Norco Indus., Inc. v. CPI Binani, Inc., 2012 WL 6508624 (N.D. Ind. Dec. 13, 2012). Other courts are split. District courts in California and North Carolina issued opinions commensurate with the court’s holding in Norco, while courts in Nevada and Pennsylvania disagreed, requiring litigants to fully answer the discovery requests.1   Yet in Texas, federal courts did not deviate from their standard practices because no case law had emerged that required such deviation. They continued the standard practice of pointing to future expert opinions, thereby “punting” the questions.

Enter Judge Rodney Gilstrap of the Eastern District of Texas, Marshall Division. Last year, Judge Gilstrap famously sanctioned a party for refusing to designate a witness for certain topics in a deposition, ordering the party to pay all of the opposing counsel’s travel costs for taking the deposition, the court reporter and videographer costs, and all of the opposing counsel’s fees associated with the prosecution of the motion to compel filed by the opposing counsel. He is not the kind of judge who takes discovery disputes lightly, and recently he weighed in on the contention discovery issue, likely changing the way litigants (should) practice in Texas for the foreseeable future.

Lake Cherokee Hard Drive Technologies, LLC v. Marvell Semiconductor, Inc., was a patent case litigated like any other in the Eastern District of Texas, until Lake Cherokee moved to strike portions of Marvell’s non-infringement expert’s report on the grounds that Marvell had not explicitly set out its non-infringement positions in its responses to Lake Cherokee’s contention interrogatories. No. 2:10-CV-216, Dkt. No. 391 (E.D. Tex. Aug. 1, 2013). Judge Gilstrap went over Marvell’s interrogatory responses carefully and granted Lake Cherokee’s motion in part, striking significant portions of Marvell’s key non-infringement defenses weeks before trial was set to begin. In striking those defenses, Judge Gilstrap also struck at most federal litigants' standard procedures and placed Texas firmly in the Pennsylvania and Nevada camps of how to handle contention discovery requests: Answer them.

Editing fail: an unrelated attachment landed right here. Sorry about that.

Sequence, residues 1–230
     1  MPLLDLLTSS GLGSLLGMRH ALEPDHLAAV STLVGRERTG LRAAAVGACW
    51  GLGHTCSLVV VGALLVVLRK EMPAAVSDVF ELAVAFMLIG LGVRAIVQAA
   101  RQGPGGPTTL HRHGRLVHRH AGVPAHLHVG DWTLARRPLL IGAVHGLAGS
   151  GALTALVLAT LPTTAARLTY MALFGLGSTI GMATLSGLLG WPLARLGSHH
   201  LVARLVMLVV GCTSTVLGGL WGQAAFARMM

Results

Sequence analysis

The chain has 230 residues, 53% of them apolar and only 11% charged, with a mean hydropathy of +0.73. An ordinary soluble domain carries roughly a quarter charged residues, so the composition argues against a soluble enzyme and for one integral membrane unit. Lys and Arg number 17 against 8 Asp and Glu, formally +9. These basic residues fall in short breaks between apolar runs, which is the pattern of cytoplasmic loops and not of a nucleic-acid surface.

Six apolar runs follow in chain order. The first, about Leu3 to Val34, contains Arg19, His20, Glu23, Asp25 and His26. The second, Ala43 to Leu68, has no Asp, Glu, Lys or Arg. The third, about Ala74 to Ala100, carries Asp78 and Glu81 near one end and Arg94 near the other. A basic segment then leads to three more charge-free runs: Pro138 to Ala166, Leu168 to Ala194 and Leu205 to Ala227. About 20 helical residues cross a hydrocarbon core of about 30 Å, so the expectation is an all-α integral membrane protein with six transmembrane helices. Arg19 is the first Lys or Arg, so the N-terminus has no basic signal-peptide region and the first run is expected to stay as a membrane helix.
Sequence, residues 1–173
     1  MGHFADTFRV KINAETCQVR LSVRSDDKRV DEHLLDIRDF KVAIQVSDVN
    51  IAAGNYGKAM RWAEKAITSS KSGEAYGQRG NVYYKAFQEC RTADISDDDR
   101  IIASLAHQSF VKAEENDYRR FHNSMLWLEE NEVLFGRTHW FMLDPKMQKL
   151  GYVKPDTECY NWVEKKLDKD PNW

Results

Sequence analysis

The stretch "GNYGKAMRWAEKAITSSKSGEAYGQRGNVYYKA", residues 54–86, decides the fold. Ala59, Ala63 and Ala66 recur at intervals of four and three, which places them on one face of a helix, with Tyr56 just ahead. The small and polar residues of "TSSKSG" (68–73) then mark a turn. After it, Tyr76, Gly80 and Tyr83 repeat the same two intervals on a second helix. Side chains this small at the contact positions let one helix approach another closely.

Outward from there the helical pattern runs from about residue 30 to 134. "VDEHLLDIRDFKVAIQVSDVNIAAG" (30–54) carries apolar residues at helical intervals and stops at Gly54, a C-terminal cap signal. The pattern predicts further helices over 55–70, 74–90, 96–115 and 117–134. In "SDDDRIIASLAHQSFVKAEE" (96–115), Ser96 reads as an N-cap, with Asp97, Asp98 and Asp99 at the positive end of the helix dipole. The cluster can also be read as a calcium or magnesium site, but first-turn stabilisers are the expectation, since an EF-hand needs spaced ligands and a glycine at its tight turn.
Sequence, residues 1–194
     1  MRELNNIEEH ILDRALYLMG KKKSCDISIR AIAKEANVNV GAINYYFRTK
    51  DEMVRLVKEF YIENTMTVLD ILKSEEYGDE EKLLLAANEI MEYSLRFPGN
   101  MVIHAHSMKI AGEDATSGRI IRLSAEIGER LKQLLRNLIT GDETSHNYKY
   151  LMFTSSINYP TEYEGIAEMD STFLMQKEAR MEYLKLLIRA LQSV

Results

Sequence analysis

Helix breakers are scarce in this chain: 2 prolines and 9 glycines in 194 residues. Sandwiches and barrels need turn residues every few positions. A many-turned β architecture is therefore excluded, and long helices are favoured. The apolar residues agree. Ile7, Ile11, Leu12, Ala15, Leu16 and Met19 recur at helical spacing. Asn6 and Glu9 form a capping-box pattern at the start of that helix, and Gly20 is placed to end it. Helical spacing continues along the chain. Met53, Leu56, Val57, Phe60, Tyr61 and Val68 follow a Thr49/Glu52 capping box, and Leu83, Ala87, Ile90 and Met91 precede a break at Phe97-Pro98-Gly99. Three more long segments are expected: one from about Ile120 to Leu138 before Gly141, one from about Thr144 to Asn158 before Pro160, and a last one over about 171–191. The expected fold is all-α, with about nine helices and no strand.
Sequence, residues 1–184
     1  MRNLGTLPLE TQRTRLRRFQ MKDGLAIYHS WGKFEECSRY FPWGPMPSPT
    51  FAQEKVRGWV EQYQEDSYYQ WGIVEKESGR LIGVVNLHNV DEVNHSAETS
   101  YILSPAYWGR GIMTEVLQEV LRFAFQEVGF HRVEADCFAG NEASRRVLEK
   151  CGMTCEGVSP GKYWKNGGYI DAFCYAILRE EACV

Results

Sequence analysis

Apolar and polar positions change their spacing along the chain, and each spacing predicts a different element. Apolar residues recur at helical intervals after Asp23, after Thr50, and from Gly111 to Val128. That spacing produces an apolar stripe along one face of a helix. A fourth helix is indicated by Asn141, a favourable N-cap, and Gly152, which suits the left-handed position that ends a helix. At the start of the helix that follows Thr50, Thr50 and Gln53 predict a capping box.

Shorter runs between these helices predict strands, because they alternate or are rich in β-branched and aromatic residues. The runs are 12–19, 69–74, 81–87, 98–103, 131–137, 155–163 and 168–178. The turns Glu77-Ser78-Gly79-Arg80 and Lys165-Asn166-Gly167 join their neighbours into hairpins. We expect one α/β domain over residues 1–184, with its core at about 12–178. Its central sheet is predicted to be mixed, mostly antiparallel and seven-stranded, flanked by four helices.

Fortunately for Marvell, its story had a happy ending; the case resulted in a take-nothing verdict from the jury. But the story may not end so happily for other litigants who are unaware of Judge Gilstrap’s ruling.  Frequently, lawyers see contention discovery requests and look right past them, expecting to be able to punt those requests and focus on other matters until later in the case when an expert has reviewed the material and can opine on the issues. This is no longer the case. Looking past contentious discovery requests could result in losing defenses or claims at the worst possible time: Right before trial. Going forward, litigants should be wary of punting these discovery requests early in the case, lest they later find themselves completely blocked from scoring when the clock is running out.

1Compare McCormick–Morgan, Inc. v. Teledyne Indus., Inc., 134 F.R.D. 275, overruled on other grounds 765 F.Supp. 611 (N.D.Cal.1991); and Kinetic Concepts, Inc. v. Convatec Inc., 268 F.R.D. 255, 263 (M.D.N.C.2010) (“allowing Plaintiffs to conduct Rule 30(b)(6) depositions ... to explore [the defendants'] laches and estoppel defense would contravene the limitations in Rule 26(b)(2)(c) in that (i) the discovery sought is unreasonably cumulative or duplicative ...; (ii) the party seeking discovery has had ample opportunity to obtain the information by discovery in the action; [and] (iii) the burden or expense of the proposed discovery outweighs its likely benefit”) (internal citations omitted); with EEOC v. Caesars Entm't, Inc., 237 F.R.D. 428, 435 (D.Nev.2006) (denying the defendant's request for a protective order to limit the scope of Rule 30(b)(6) deposition questioning to preclude inquiry into the factual bases for defendant's asserted position statements and affirmative defenses); and AMP, Inc. v. Fujitsu Microelectronics, Inc., 853 F.Supp. 808, 831 (M. D. Pa.1994) (compelling a corporate defendant to produce a 30(b)(6) witness to answer questions regarding the contentions and affirmative defenses detailed in the defendants' answer and counterclaim).

--RICARDO BONILLA is a registered patent lawyer for Fish & Richardson, P.C. His practice includes commercial litigation and all areas of intellectual-property law, with an emphasis on patents and intellectual-property litigation.